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ADMA (asymmetric dimethylarginine) is a cardiovascular risk factor and an endogenous inhibitor of NOS (nitric oxide synthase). ADMA is metabolized by DDAHs (dimethylarginine dimethylaminohydrolases). ADMA levels are increased in cardiovascular disorders associated with abnormal angiogenesis but the mechanisms are poorly understood. Recent studies show that altering ADMA metabolism in vivo and in vitro modulates the activity of Rho GTPases, key regulators of actin dynamics, endothelial cell motility and angiogenesis. In the present review, we consider this and other NO-dependent and -independent molecular mechanisms by which the DDAH/ADMA pathway regulates angiogenesis.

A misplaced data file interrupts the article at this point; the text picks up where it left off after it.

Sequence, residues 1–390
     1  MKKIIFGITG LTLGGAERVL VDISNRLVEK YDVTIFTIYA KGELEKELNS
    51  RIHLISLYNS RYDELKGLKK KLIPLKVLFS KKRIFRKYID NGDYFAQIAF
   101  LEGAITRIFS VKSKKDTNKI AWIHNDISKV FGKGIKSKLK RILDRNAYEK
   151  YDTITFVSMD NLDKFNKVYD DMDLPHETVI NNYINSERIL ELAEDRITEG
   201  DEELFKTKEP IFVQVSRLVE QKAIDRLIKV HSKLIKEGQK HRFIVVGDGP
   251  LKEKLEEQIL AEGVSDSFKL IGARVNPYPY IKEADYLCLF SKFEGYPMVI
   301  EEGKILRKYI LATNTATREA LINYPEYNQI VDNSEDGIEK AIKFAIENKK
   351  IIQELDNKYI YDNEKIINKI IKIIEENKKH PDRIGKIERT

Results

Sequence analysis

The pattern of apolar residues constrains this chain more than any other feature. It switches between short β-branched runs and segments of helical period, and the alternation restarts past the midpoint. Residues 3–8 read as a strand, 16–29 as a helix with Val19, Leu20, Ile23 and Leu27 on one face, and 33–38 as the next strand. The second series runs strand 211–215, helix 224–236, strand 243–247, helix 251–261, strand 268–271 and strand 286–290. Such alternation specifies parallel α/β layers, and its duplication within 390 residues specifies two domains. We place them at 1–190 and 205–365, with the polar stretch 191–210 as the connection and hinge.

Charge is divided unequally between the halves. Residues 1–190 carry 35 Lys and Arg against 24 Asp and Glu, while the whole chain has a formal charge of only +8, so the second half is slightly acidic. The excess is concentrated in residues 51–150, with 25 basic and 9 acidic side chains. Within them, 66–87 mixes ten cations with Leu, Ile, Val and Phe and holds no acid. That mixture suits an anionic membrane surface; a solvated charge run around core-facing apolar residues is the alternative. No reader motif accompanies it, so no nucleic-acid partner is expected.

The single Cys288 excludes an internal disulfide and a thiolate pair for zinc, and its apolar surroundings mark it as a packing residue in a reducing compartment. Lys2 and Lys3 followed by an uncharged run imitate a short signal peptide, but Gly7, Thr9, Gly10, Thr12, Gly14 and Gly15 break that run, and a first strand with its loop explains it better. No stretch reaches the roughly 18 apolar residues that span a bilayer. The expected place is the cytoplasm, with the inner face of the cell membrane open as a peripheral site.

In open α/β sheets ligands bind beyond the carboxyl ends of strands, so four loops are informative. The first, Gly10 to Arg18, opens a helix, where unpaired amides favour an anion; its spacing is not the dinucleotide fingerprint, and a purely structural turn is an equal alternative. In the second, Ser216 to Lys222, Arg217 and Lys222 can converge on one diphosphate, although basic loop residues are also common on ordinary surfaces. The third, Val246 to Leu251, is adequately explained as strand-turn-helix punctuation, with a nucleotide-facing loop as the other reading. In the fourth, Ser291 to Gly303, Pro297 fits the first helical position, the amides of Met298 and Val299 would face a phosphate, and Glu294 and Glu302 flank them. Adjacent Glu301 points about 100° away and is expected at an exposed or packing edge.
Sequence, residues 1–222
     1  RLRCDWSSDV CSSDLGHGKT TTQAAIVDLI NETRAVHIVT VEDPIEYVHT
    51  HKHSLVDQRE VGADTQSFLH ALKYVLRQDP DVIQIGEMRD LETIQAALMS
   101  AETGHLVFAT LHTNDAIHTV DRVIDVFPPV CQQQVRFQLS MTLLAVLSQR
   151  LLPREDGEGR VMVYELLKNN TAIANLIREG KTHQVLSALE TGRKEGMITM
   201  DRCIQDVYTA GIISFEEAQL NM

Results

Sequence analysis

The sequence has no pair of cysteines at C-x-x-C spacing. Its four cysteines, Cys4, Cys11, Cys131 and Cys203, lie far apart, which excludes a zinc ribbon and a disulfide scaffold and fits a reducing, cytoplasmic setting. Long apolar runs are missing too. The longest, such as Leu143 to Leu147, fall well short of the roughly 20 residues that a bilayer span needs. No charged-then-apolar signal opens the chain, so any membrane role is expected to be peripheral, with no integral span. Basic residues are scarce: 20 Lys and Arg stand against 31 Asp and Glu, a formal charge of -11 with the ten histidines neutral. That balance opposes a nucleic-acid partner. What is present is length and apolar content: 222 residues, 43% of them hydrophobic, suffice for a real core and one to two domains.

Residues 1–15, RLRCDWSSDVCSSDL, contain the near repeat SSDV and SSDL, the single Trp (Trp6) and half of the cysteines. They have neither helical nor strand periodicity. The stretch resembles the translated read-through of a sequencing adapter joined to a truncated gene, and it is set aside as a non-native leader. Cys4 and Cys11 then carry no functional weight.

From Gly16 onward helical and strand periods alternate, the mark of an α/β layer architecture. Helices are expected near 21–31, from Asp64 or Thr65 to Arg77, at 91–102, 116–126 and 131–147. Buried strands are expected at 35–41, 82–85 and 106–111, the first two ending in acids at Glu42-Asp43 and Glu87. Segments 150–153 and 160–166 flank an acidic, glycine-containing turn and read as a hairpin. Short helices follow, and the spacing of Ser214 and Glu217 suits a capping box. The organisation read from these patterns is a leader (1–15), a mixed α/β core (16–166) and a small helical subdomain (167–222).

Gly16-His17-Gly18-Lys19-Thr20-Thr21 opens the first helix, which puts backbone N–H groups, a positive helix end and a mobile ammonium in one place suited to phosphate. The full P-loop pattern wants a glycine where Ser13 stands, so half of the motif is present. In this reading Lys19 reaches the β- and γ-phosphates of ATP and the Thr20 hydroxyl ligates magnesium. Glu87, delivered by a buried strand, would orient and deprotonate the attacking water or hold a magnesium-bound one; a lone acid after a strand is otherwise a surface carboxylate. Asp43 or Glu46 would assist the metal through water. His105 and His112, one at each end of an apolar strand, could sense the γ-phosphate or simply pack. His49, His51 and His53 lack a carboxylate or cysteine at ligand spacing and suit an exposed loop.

Original publication

DOI

10.1042/BST0371243

Type

Journal article

Journal

Biochem Soc Trans

Publication Date

12/2009

Volume

37

Pages

1243 - 1247

Keywords

Amidohydrolases, Animals, Apoptosis, Arginine, Cell Movement, Cell Proliferation, Endothelial Cells, Enzyme Inhibitors, Gene Expression Regulation, Developmental, Humans, Neovascularization, Physiologic, Nitric Oxide Synthase, Signal Transduction, Stem Cells, rho GTP-Binding Proteins